Sport Sport Focus A wee problem in Rio for doping control officers
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A wee problem in Rio for doping control officers

drug test
Athletes get testy when the drug testers show up. Photo: ABC
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The worst part about Steve Jones’ job? That’s easy.

“It’s hanging out in toilets all the time!” he says.

Mr Jones has been a doping control officer for 18 years.

His profession has been firmly in the spotlight recently, with the Russian doping scandal creating a crisis of confidence about sport’s integrity.

He has been on the frontline of the pre-Rio Australian Sports Anti-Doping Authority (ASADA) campaign that has seen the agency conduct more than 2,000 tests over the past year.

drug tester
Jones meets athletes in some of the best and worst times in their lives. Photo: ABC

Despite the necessity to hang around bathrooms, Mr Jones says it is a rewarding job, meeting athletes in some of the best and worst times in their lives.

“When you meet them at the best of times, you can feed off that energy and it’s a real joy to be there when people are winning some of the biggest competitions around,” he said.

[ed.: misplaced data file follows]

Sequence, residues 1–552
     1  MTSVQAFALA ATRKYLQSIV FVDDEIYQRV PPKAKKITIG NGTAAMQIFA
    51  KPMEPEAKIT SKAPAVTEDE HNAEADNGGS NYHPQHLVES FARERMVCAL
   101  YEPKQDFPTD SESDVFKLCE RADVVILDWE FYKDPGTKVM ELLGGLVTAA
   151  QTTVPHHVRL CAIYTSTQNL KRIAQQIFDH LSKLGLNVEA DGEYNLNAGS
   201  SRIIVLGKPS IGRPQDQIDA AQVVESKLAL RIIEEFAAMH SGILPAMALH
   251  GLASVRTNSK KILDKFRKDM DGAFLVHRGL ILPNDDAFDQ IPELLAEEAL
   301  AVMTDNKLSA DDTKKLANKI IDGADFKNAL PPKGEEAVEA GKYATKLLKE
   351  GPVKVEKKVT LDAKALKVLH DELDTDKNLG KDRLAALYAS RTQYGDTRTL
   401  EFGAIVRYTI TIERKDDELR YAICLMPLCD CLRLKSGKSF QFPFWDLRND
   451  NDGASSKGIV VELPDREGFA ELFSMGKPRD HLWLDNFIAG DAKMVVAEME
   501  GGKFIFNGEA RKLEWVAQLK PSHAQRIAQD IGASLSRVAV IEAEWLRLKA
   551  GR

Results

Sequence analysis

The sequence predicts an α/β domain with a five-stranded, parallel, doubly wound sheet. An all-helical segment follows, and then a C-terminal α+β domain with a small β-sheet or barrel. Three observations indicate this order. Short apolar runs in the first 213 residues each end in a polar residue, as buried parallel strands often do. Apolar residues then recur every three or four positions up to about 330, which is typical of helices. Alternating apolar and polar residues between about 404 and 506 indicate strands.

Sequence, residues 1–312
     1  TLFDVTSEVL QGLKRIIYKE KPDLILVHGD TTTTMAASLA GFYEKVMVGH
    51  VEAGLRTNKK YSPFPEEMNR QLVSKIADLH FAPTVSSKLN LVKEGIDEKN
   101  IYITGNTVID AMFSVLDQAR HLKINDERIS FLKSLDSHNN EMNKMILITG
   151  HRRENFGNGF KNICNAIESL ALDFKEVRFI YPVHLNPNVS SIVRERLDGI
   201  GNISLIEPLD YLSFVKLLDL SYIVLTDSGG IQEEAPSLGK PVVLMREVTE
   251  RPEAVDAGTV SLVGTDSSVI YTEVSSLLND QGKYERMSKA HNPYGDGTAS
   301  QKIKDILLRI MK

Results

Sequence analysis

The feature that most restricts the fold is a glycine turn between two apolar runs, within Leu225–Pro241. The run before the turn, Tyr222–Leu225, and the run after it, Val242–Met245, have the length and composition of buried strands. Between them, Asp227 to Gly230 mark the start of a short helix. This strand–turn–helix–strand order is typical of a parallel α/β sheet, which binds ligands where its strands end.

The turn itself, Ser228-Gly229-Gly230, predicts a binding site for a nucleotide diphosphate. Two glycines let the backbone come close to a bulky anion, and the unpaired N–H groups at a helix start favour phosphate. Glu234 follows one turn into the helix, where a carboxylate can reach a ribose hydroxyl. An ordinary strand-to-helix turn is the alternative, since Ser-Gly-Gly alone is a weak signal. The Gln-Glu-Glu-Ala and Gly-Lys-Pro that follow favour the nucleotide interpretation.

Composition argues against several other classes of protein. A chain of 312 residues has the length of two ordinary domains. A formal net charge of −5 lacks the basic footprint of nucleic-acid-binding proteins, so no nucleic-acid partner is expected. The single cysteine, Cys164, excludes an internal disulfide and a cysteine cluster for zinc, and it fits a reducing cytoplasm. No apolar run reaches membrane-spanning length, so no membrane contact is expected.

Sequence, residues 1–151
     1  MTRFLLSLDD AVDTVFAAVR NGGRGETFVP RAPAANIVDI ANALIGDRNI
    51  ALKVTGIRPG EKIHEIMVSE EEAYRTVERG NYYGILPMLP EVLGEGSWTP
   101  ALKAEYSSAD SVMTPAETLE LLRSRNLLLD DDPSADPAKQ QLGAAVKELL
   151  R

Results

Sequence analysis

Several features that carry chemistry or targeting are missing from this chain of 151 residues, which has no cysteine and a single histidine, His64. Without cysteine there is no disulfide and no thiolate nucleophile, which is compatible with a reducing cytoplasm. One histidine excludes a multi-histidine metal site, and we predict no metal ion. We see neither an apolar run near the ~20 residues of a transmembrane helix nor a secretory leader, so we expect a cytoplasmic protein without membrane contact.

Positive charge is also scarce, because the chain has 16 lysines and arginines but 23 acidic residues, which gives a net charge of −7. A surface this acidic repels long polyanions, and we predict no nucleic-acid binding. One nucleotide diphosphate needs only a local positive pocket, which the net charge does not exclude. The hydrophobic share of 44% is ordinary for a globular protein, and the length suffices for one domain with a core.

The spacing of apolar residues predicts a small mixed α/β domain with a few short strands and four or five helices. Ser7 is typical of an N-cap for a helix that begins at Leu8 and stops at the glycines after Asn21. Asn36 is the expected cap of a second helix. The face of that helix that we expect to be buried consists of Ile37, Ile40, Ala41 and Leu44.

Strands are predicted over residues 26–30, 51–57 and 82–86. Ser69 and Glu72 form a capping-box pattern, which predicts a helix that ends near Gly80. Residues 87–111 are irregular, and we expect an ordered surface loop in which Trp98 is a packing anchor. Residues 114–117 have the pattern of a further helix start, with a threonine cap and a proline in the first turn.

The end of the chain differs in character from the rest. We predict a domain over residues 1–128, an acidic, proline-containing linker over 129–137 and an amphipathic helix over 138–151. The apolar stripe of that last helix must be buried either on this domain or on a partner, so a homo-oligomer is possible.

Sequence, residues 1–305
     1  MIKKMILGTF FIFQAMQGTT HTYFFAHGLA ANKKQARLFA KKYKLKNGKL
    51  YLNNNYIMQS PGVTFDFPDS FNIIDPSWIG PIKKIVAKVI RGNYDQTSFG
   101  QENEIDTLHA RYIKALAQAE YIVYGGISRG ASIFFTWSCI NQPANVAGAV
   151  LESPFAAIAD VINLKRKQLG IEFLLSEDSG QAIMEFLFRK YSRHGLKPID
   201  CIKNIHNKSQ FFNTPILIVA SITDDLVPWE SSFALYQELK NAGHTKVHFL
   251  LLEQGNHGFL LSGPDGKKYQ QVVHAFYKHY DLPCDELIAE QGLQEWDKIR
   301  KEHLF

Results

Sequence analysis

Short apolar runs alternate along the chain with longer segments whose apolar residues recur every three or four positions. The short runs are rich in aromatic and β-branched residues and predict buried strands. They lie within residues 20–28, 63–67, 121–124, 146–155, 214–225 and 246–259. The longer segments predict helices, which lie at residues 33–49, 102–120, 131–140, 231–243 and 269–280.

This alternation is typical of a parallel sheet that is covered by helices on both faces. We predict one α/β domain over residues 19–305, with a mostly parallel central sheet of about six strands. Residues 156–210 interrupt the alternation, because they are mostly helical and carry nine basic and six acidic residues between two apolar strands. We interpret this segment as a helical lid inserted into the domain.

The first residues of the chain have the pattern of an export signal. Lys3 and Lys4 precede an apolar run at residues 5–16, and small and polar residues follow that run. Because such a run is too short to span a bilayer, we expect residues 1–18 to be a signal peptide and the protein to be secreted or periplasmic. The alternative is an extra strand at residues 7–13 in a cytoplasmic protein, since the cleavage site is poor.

“And at other times, it’s just a challenge to manage people through the process, so that they don’t trip themselves up when they’re a bit angry that we’re there.”

Mr Jones and a team of officers head out any time of the day to spring tests upon athletes, who know they will be tested, but mostly are not told when or where.

“There’s always a good time and a bad time for a test. Some might say that there’s only bad times,” he said.

“On the whole, most people are reasonably compliant and friendly through the experience, but obviously if you hit people up at a time when they have got a busy day, it can be pretty inconvenient and so people can get a little bit testy about that.

“But on the whole the vast majority of people are pretty accepting of the fact that the process is important.”

“When you meet them at the best of times, you can feed off that energy and it’s a real joy to be there when people are winning some of the biggest competitions around.”

While collecting samples is a pivotal part of ASADA’s job, it is also among many national drug agencies putting more intelligence in the mix – that is, finding the elusive whistleblowers like Yuliya Stepanova, who brought the roof down on state-sponsored Russian doping.

ASADA is critical of the IOC decision to sideline Stepanova in Rio, fearing it sends the wrong message to whistleblowers.

“You can see what a courageous whistleblower can initiate within anti-doping,” ASADA head of intelligence Simon Henry said.

“So we are really reliant on those people, in and around sport.

“It might be a coach, it might be a competitor, it might be a teammate, it might be a flatmate, it might even be a family member who’s concerned about what someone is doing within sport.”

The anti-doping authority says its biggest role is to instil trust in clean athletes.

But with much of the Russian team allowed to compete at Rio, that challenge is bigger than ever.

-ABC

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